KATHRYN WILLIAMS **** Hypoxia (One Little Indian) Williams takes a further step into double figures with album releases and is still evolving, this time abetted by Ed Harcourt’s production. These nine songs are inspired by a project to commemorate 50 years of Sylvia Plath’s The Bell Jar. Mirrors is slinky and duplicitous, Beating Heart is gorgeous and {Battleships}, with its spooky scifi ambience, evinces Williams’ own skill with a couplet: “You read me the poem you wrote and it stuck like sick in my throat”. Hypoxia is the musical equivalent of a page turner. CS

KEN MODE **** Success (Season Of Mist) Success is a very relative term for KEN Mode who’ve been together since 1999, plugging away and never seeming to get the recognition they deserve. There’s an Unsane meets Jesus Lizard vibe to this album, with absolutely filthy basslines, atonal guitars and a solid backbeat. This is ugly music made with a dry sense of humour and a nihilistic attitude. Steve Albini was at the engineering helm for this, and captures their raw sound and gets the whole beautiful mess on tape perfectly. GM

LEFTFIELD **** Alternative Light Source (Infectious) The progressive house and hook-up trailblazers finally release a third LP, a mere 20 years after their debut. Now led only by Barnes, Leftfield still excel in menacing tub thumpers. TV On The Radio's Tunde Adebimpe guests on the searing acid riff of Bad Radio, Universal Everything futureproofs Vangelis’ Blade Runner theme and Shaker Obsession jacks up the LFO into overdrive. Head And Shoulders, with Sleaford Mods' Jason Williamson, is a bit Marmite and Polica’s Channy is twisted beyond recognition, in a good way, on the burbling Little Fish. CS

MAJOR LAZER ** Peace Is The Mission (Because) Diplo enlists a platoon of guests on the Major’s third outing but the cartoon currently in production is proof he’s become a 2D parody of his former self. Opener Be Together

would be palatable if it was a Paloma Faith single; Blaze Up The Fire would have been good for The Prodigy more than two decades ago. Too Original is closer to the prime dancehall anarchy of the debut Major Lazer album with Switch and Light It Up would be passable with more autoerotica and less autotune. CS

NILS FRAHM *** Music For The Motion Picture Victoria (Erased Tapes) Nils Frahm is the name on the CD (or download or whatever), but this soundtrack begins instead with the thumping brilliance of German minimal techno auteur DJ Koze. All knotted vocals and descending buzzsaw basslines, it soon relinquishes the floor to Nils – whose gently soothing piano and amabient strings lull you into a grey haze of pleasantness. Ultimately, though, you might find yourself wishing for a few more Koze bangers. AJ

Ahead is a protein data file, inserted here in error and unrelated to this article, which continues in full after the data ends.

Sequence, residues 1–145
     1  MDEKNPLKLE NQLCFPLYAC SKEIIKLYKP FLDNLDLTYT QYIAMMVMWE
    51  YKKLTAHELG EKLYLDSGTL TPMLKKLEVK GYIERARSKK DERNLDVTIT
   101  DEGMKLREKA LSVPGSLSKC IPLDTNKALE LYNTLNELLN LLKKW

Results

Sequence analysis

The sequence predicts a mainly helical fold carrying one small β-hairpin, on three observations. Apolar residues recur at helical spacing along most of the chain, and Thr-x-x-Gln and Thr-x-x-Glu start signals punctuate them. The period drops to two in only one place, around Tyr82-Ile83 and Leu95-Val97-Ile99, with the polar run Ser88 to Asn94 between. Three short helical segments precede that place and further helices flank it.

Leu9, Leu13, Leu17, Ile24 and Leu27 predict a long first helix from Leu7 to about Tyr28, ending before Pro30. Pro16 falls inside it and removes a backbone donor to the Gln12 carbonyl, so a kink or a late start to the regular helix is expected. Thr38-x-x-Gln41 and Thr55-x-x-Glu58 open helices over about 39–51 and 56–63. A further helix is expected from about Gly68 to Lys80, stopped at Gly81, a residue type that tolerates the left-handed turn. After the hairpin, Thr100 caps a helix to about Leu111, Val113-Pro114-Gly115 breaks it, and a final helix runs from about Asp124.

PARADISE LOST **** The Plague Within (Century Media) Around since 1988, Paradise Lost continue to find a balance between consistently good output and pleasing the underground doom movement. They are also very good live. This is album number 14, and is a return to their late-80s roots in terms of sound and content matter, including their death metal influences on the likes of Flesh From Bone. As always the cover design is also worth a mention, this time credited to Polish artist Zbigniew M. Bielak. RH

SAUNA YOUTH **** Distractions (Upset The Rhythm) Sauna Youth are a supremely interesting band: punk in provenance, but buzzing with ideas that protrude awkwardly from any attempt at classification. Distractions is full of weird electronic noises that fizz and hum around straight-up, Dr Feelgood-style, staccato riffs, overlaid with multilayered vocals. Future Tense is Distractions in microcosm, stomping in on a rock‘n’roll-monster-riff, developing psychedelic tendencies, digging its hooks in, then collapsing in a heap – all inside two minutes 30. A truly innovative approach to a classic sound. HR

SECKOU KEITA **** 22 Strings (Arc Music International) This charismatic Senegalese musician is renowned for a myriad of fruitful collaborations including, most recently, Welsh harpist Catrin Finch. Here, however, we hear Keita predominantly alone with his distinctive West African kora. A solo instrumental repertoire is usually a difficult domain, yet his compositional intuition and cultural awareness makes this recording a thing of beauty. His few vocal contributions also add a potent soulful dynamic to an otherwise alluringly tranquil album. CPI

VARIOUS *** Remembering Mountains (Tompkins Square) There’s a halfway interesting backstory to this compilation, which features 11 solo artists – all female, nearly all American – honouring the legacy of 1960s coffeehouse folkie Karen Dalton. Known for interpreting other people’s songs over writing her own, she however had a clutch of hitherto unseen lyrics, which have been gifted to judiciously chosen musicians for quasi-cover purposes. Many sound like descendants of Dalton and deliver music to match – Sharon Van Etten, Larkin Grimm – but electronic artists Laurel Halo and Julia Holter manage to be bold and anti-traditionalist. NG

Profile for Buzz Magazine

Buzz June 2015 - the Green Issue  

With the start of the summer Buzz goes all green. We have a interviews with allotmenteer Terry Walton, outdoor eating aficionado Genevieve T...

Buzz June 2015 - the Green Issue  

With the start of the summer Buzz goes all green. We have a interviews with allotmenteer Terry Walton, outdoor eating aficionado Genevieve T...